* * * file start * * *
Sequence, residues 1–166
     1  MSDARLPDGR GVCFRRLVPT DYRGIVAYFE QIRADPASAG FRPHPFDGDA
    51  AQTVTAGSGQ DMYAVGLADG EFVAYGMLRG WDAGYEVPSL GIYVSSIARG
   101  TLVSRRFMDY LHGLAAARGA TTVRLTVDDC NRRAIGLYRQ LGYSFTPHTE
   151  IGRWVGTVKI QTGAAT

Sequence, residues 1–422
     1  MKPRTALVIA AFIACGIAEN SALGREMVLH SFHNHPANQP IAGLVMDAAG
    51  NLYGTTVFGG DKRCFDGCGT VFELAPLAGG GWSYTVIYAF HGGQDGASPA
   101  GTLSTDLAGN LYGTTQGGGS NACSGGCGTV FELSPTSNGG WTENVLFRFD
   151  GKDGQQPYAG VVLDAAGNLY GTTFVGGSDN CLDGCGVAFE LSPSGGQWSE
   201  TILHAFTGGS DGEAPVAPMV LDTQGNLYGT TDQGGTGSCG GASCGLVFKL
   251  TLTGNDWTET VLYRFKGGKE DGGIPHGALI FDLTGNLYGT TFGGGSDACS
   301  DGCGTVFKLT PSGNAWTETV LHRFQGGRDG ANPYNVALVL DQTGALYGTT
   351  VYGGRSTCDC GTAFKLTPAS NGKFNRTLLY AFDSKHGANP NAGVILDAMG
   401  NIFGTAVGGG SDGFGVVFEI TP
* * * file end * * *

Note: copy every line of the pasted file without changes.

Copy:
Sequence, residues 1–166
     1  MSDARLPDGR GVCFRRLVPT DYRGIVAYFE QIRADPASAG FRPHPFDGDA
    51  AQTVTAGSGQ DMYAVGLADG EFVAYGMLRG WDAGYEVPSL GIYVSSIARG
   101  TLVSRRFMDY LHGLAAARGA TTVRLTVDDC NRRAIGLYRQ LGYSFTPHTE
   151  IGRWVGTVKI QTGAAT

Sequence, residues 1–422
     1  MKPRTALVIA AFIACGIAEN SALGREMVLH SFHNHPANQP IAGLVMDAAG
    51  NLYGTTVFGG DKRCFDGCGT VFELAPLAGG GWSYTVIYAF HGGQDGASPA
   101  GTLSTDLAGN LYGTTQGGGS NACSGGCGTV FELSPTSNGG WTENVLFRFD
   151  GKDGQQPYAG VVLDAAGNLY GTTFVGGSDN CLDGCGVAFE LSPSGGQWSE
   201  TILHAFTGGS DGEAPVAPMV LDTQGNLYGT TDQGGTGSCG GASCGLVFKL
   251  TLTGNDWTET VLYRFKGGKE DGGIPHGALI FDLTGNLYGT TFGGGSDACS
   301  DGCGTVFKLT PSGNAWTETV LHRFQGGRDG ANPYNVALVL DQTGALYGTT
   351  VYGGRSTCDC GTAFKLTPAS NGKFNRTLLY AFDSKHGANP NAGVILDAMG
   401  NIFGTAVGGG SDGFGVVFEI TP